How much milk should athletes drink a day

Young athletes are not immune to the strong grips of dieting and sometimes those diets involve taking out entire food groups including dairy. Milk has caught the peril of the egg, unfortunately, with experts going back and forth on whether or not its good for you. Spoiler alert: its good for you.

Over the last 10 years, there has been a lot of research on the benefits of chocolate milk as a recovery drink, so for most athletes, thats where it stops. They drink milk for recovery.

Thats great, but it also underscores the benefits of milk as an everyday drink, not just for after a workout. The nutrient profile of milk makes it important for young athletes, for growth and for performance.

What is in milk?

  1. Protein: Since this is where most athletes like to start, lets get this out of the way. Milk contains two proteins, casein and whey. Casein accounts for about 80% of the protein, and the remaining 20% is whey. Milk is a complete protein, containing all 9 essential amino acids. Milk contains an amino acid called leucine. This is one of the branched chain amino acids and thought to be the stimulator of muscle protein synthesis (building muscle). In addition, milk contains two amino acids, cysteine and methionine, which are needed to make glutathione, an antioxidant that can help keep all of those cells in the body (including muscle cells) healthy. Another cool fact about casein protein is that is might help increase the muscle building process in the body if consumed prior to sleeping.
  2. Carbohydrates: Athletes know that carbs are energy, but unfortunately, many athletes are taught that carbs are only bread, pasta, and fruit. Milk is also a source of energy and any way you drink it (fat free or whole), youll get 12 grams of carbs per cup. Typically an athlete should replenish their glycogen (carbohydrate) stores in the body after exercise with 1.0-1.2 grams/kg/body weight, so depending on the weight of a young athlete, the carbs in milk could be substantial way to get some of those carbs back in the body.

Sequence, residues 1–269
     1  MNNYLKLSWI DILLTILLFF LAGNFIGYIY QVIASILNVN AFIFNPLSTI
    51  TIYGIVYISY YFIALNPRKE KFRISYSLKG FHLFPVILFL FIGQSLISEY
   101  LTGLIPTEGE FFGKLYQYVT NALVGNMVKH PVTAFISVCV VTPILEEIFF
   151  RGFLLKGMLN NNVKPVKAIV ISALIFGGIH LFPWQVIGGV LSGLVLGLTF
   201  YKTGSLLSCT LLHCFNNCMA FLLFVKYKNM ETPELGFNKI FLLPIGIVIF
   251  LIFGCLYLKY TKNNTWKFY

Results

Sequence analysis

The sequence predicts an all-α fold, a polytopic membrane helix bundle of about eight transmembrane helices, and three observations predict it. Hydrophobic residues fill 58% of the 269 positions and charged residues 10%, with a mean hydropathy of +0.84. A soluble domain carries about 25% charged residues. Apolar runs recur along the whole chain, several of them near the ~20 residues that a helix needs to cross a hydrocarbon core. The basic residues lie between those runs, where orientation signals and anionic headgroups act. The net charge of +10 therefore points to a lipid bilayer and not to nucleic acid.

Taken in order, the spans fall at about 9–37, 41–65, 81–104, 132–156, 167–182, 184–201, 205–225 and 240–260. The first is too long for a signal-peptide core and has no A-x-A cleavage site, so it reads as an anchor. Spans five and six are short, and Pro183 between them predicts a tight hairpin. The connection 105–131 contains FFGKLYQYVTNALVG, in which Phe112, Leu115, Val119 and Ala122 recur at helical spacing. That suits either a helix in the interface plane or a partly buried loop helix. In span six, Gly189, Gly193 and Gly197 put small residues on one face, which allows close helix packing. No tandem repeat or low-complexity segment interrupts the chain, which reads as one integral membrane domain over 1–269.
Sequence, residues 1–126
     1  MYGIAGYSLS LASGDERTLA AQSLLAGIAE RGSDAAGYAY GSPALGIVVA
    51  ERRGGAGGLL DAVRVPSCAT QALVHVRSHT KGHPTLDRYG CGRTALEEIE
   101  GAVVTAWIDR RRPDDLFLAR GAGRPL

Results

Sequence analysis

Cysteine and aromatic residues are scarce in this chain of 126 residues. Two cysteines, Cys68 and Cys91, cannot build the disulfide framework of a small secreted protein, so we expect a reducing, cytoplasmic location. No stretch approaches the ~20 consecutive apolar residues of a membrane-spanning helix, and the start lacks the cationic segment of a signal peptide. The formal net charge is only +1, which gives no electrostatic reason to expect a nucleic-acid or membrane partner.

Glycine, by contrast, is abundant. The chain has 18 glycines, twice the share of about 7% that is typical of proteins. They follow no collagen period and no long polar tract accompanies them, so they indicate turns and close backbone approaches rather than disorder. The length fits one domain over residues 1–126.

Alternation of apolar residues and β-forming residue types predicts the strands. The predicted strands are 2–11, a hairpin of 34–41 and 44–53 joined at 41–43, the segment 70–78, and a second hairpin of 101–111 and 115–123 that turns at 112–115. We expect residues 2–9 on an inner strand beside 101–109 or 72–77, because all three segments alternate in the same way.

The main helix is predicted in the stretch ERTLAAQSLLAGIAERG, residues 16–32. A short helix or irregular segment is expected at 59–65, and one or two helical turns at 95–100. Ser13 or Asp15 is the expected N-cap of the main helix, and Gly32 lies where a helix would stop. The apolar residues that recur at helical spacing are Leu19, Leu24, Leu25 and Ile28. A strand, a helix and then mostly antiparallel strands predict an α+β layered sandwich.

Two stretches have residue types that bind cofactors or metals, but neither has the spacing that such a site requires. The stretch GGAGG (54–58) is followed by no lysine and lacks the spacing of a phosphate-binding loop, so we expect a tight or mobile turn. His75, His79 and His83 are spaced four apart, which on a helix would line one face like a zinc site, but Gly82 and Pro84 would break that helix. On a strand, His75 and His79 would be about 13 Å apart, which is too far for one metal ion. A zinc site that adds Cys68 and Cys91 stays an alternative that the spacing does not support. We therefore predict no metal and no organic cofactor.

3. Hydration: Milk is 80-85% water and dehydration of just 2% causes a decrease in performance through fatigue and weakness. Coaches and athletes alike know the importance of hydration in all sports. Most athletes can rehydrate with water alone, but having other options for hydration and rehydration are always welcome for young athletes.
  4. Micronutrients: The diet of a young athlete may not always be the best, but getting key nutrients for growth and performance in a single food is a smart choice. Milk provides calcium for bone growth and strength. This is extremely important for all athletes, regardless of the sport, weight bearing or not. When milk is fortified, there is vitamin D added. The importance of vitamin D for immune health cannot be overstated. In addition, we all need vitamin D to absorb calcium. If you live in the United States, your dairy milk is fortified with vitamin D (if you buy it from a grocery store). Milk contains high levels of the electrolytes sodium and potassium, which are essential in replenishing those lost during sweat.

So, there you have it. Milk is much more than protein, fat, and carbs for a good recovery drink it is packed with nutrients that help keep athletes young and old healthy for optimal performance.

If you arent able to consume dairy, first figure out why. Its not always the lactose that might keep dairy off limits, there are also protein allergies. The good news with both of these conditions is there are products on the market right now that allow you to consume dairy without having the side effects from lactose or A1 proteins.

Coaches and parents: Encourage your athletes that eating a healthy diet including milk provides nutrients needed for good performance, growth, and a healthy immune system. Milk is still an exceptional recovery drink, but its health benefits reach beyond recovery.

References:

https://www.ncbi.nlm.nih.gov/pmc/articles/PMC5149046/

https://www.ncbi.nlm.nih.gov/pmc/articles/PMC5596471/

https://www.ncbi.nlm.nih.gov/pmc/articles/PMC6019055/

https://www.ncbi.nlm.nih.gov/pmc/articles/PMC2684208/